i>KNIGHT CAN'T RESCUE TIME WARNER STOCK
Warner Bros.' The Dark Knight added another $10.52 million to its gross on Monday, bringing the total to $324.3 million, making it the studio's biggest hit in history. In less than two weeks, it has already earned more than its previous top money-maker, Harry Potter and the Sorcerer's Stone, did throughout its entire run in 2001-2002. Nevertheless, the success has had virtually no effect on the stock of the studio's parent, Time Warner. The Hollywood Reporter observed Tuesday that Time Warner shares stood at $14.70 on July 18, the film's opening day. On Tuesday they were trading at $14.57. The trade paper commented, "It appears that one of the biggest movies of all time has done nothing for shareholders of the company that made the film, distributed it and will collect the bulk of its profits. And let's not forget that TW also is parent of DC Comics, where Batman was born, so profits ought to be rolling into that unit off of Dark Knight as well."
INDY, IRON MAN CAN'T BOOST VIACOM
The success of Paramount's Iron Man and the latest Indian Jones sequel helped offset weak performances by other units of Viacom, producing higher-than expected second quarter profits, the company said Tuesday. Nevertheless they were lower than those of the comparable quarter a year ago. Profits fell 6 percent to $407 million from $434 million in the year-ago quarter. Viacom Executive Chairman Sumner Redstone, who had hoped to boost Viacom's share price by splitting the company from CBS Inc. -- but saw the stock slip precipitously afterwards instead -- was philosophical about the results. "There is opportunity even in difficult economic times," he said in a conference call.
SAG DISSIDENTS MAKE SHOW OF UNITY
The group of Screen Actors Guild dissidents who announced that they will challenge the current leadership of the union said Tuesday that it does not approve the take-it-or-leave-it offer submitted by the Alliance of Motion Picture and Television Producers. In a statement, the Unite for Strength leaders said, "We believe SAG needs new leadership, but we also agree with SAG's negotiators that actors need real gains from a new contract." In particular, the group condemned the AMPTP's proposal to allow productions costing less than $15,000 a minute to use non-union talent so long as no covered union members are involved. It also announced its support of other benefits being sought by SAG negotiators.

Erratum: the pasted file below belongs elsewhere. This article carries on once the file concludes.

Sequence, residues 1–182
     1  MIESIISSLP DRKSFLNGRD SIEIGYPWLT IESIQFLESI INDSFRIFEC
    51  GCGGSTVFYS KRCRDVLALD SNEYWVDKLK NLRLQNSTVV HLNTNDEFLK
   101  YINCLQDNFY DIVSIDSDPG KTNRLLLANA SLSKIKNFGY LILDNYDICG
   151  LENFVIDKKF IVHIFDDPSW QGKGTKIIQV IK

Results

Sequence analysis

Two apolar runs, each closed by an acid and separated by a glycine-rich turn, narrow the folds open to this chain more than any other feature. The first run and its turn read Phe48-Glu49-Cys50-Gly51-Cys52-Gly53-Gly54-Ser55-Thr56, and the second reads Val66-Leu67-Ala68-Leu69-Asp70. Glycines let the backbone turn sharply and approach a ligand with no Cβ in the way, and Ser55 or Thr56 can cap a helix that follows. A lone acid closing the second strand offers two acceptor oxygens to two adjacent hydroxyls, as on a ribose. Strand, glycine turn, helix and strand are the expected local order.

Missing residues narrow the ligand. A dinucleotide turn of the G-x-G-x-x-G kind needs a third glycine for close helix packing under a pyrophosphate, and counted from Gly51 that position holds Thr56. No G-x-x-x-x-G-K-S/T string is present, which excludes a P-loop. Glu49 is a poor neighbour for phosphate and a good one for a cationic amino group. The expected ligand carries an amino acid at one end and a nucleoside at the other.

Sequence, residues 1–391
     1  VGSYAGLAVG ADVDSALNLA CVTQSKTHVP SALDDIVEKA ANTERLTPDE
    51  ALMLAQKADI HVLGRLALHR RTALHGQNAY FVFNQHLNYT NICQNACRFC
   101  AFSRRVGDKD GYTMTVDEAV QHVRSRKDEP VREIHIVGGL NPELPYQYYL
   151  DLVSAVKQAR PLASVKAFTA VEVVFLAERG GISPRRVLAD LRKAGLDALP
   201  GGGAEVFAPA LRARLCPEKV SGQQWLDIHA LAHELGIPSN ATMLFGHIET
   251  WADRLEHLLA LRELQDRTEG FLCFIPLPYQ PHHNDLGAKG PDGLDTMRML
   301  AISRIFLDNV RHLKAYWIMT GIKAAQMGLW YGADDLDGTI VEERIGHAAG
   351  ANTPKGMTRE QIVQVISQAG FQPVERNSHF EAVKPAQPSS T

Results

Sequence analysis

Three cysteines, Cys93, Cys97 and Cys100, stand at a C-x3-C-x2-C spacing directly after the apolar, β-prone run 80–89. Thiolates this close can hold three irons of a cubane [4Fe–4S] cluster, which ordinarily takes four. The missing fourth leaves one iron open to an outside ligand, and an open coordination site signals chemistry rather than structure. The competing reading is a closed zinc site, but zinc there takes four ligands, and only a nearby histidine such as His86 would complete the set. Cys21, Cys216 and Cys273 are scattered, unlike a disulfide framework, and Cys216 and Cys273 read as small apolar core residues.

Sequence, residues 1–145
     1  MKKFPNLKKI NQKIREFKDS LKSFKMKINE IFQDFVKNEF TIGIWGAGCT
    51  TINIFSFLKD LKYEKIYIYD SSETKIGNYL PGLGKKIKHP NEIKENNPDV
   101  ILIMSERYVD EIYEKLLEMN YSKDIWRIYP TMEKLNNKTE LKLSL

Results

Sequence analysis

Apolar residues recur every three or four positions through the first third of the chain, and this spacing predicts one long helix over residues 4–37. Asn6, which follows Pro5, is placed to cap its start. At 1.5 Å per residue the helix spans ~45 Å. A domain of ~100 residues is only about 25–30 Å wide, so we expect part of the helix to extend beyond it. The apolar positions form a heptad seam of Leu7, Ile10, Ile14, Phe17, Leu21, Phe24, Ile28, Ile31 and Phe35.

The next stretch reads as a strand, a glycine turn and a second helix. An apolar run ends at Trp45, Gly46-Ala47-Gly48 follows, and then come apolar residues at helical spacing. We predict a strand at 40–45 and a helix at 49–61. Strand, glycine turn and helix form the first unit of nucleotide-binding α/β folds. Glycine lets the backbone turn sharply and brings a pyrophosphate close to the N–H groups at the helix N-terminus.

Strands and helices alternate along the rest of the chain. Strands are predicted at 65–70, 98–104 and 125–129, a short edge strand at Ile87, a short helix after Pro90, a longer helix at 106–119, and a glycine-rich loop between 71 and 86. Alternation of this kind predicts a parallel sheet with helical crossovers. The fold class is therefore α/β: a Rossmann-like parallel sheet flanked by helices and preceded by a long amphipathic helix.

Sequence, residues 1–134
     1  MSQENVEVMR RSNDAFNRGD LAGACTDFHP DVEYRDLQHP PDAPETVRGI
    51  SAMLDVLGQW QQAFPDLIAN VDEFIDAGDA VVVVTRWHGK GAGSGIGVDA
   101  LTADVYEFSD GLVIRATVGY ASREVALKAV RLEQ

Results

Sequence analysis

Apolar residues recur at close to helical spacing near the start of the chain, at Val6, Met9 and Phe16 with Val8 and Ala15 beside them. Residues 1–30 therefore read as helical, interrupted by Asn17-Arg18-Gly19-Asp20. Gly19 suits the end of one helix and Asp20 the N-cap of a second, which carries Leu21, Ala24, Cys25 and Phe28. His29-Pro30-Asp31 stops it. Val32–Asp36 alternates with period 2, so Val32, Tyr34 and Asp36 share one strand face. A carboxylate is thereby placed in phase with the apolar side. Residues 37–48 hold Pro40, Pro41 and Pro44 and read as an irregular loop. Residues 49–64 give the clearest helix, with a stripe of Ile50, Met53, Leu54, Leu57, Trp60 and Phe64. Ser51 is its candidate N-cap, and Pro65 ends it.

DOLLAR DROP HAS MIXED RESULTS IN HLYD.
The sinking dollar against most overseas currencies may mean that movie studios are now earning more from ticket sales abroad, but it also means that their marketing costs, paid for in dollars, are also increasing. That state of affairs was suggested in DreamWorks Animation's second-quarter revenue filing Tuesday, which warned that rising international marketing costs would result in lower revenue in the third quarter. The company, whose films are distributed by Viacom's Paramount, also suggested that while Kung Fu Panda has performed very well, it has not come close to equaling last year's Shrek the Third. As a result net income fell in the quarter to $27.5 million on revenue of $140.8 million versus $61.8 million on $222.5 million a year ago.
HORTON TO GET BIG PUSH
Twentieth Century Fox is planning to spend a whopping $25 million to promote the Dec. 9 DVD release of Dr. Seuss' Horton Hears a Who!, according to a report by Video Business. Children's videos have always performed well on the home-video market and Fox has going for it the fact that there are few American homes with children that do not already have a copy of the Dr. Seuss book. Horton will be released as a single disc for $29.98, as a two-disc special for $34.98, and as a Blu-ray special edition for $39.98.
VATICAN SAYS NO TO BOND SCRIPTS
A spokesman for the Vatican has acknowledged that it turned down a request to film parts of Angels and Demons, the prequel to The Da Vinci Code, at various locations within Vatican City without ever looking at the script. In an interview with the London Daily Telegraph, Father Marco Fibbi said, "Usually we read the script but in this case it wasn't necessary. Just the name Dan Brown was enough." Brown was the writer of the novels on which both The Da Vinci Code and Angels and Demons were based. "Angels and Demons peddles a type of fantasy that damages our common religious beliefs, just like The Da Vinci Code did," he added.